How to speak so your boss really listens

By Robert Half 10 September 2018

If you are lucky, you and your boss have an amazing working relationship that includes great communication and an open door policy.

However, not everyone can count themselves as being so fortunate, leading to missed opportunities to show the company the value you bring. Fostering an effective relationship with your direct manager where communication is open and transparent takes time, but is well worth the effort - for both yourself, and your employer.

Here are four valuable tips to help you speak to your boss in a way to get them to listen to what you have to offer.

1. Speak their language

Make your boss comfortable by following their lead. If they have a relaxed demeanour, follow suit. If they are stiff and formal, then that is the way you should be as well.

The more you work with your boss, the better you will understand their language, spoken or otherwise.

As a rough guide, if you are new to the team, it is always better to over-communicate than leave things to assumption. There will come a time that you will be able to read your boss’s mood when they walk through the door.

Learn your boss’ language and you’ll be getting everybody’s attention at the boardroom in no time.

2. Help them help you

Do not be afraid to ask or clarify. The worst thing you can do is to move forward on a task or project without actually having a clear understanding of what it entails.

Before you sit down to complete anything, clearly echo back to your boss what you understand your responsibilities to be. Once this is firmed, you can move ahead with confidence.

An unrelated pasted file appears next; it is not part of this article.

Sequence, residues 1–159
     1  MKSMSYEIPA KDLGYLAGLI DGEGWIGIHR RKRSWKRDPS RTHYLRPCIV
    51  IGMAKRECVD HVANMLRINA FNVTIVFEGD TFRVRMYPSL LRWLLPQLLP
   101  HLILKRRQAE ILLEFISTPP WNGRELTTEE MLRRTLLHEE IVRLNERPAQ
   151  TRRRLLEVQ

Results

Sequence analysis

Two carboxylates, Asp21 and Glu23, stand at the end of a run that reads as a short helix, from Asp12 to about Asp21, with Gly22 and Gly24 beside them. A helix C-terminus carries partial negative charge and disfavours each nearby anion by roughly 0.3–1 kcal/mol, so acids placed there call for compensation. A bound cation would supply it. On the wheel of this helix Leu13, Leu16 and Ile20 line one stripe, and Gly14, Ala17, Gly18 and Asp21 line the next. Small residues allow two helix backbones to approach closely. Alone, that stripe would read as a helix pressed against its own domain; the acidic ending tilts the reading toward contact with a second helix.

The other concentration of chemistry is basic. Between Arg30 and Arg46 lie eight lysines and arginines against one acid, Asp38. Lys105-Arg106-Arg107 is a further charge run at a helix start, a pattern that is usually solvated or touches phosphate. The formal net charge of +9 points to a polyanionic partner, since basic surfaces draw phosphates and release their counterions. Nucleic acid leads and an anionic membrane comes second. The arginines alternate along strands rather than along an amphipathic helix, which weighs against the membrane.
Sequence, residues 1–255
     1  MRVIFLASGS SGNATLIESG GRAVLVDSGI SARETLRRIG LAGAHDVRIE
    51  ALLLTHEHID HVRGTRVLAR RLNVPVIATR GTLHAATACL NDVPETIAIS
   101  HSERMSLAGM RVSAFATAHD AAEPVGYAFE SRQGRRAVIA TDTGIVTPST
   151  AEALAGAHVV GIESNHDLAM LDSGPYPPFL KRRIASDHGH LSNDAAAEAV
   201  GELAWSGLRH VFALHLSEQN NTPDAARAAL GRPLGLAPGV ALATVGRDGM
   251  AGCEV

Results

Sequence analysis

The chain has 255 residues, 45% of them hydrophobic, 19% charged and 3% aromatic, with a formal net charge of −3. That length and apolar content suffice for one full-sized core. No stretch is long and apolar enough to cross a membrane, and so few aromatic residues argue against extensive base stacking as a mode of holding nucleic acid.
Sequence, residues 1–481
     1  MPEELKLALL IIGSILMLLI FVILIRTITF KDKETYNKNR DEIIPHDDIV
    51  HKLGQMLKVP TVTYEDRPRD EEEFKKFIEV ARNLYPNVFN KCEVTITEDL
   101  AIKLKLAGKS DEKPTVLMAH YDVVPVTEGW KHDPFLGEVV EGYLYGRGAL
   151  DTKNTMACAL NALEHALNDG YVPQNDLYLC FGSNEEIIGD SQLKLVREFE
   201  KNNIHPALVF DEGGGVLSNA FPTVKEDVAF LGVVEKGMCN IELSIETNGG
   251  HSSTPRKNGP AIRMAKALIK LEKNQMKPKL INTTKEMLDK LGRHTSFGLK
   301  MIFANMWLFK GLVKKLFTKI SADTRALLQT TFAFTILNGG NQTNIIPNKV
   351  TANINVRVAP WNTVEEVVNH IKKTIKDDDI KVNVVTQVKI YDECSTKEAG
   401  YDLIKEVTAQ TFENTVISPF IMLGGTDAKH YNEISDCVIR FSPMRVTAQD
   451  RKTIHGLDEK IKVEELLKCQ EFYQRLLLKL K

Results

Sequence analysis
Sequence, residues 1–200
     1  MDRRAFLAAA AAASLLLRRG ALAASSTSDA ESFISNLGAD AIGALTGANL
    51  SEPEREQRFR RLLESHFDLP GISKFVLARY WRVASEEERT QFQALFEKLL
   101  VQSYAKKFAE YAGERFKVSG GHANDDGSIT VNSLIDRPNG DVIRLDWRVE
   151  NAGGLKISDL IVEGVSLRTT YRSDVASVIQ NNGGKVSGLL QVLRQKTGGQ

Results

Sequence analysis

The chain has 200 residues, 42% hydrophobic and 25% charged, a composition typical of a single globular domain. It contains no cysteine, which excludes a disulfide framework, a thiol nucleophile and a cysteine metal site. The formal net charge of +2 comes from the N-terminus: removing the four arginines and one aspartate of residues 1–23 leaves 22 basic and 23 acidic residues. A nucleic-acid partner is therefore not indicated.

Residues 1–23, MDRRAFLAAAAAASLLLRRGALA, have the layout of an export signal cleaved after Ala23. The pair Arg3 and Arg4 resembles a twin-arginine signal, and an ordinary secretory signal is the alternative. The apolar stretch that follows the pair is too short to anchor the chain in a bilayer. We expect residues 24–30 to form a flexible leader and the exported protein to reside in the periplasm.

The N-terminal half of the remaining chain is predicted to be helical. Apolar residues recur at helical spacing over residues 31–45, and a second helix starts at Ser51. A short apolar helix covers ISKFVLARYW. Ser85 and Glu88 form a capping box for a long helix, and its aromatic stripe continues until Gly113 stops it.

By communicating effectively, it eliminates the possibility for errors and makes you a model employee on the team.

3. Empower your boss

Make him look good. Think about it – every boss would want their employee on their side and yours is no exception.

Try not to keep secrets (work-related) from your boss. They would not want to be the last one in the office to know about something that’s happening. Also, if your opinion happens to run counter to his, justify where you are coming from.

Providing different perspectives will help empower your boss to make better and more informed decisions.

4. Honesty is the best policy

If you make a mistake, admit it. Do not try to hide it, blame someone else or hope that no one notices it.

The minute you make a mistake and it is not something that you can fix on your own, take it directly to your boss. You’ll be surprised at how many employers appreciate employee honesty.

When you are open and aboveboard, your management is able to see that you have the company’s best interests in mind and will therefore, communicate with you more freely.

You would want to have a solid, long-term relationship with your boss. If nurtured properly, this relationship can last a lifetime and you can count on this person being on your side of the court.

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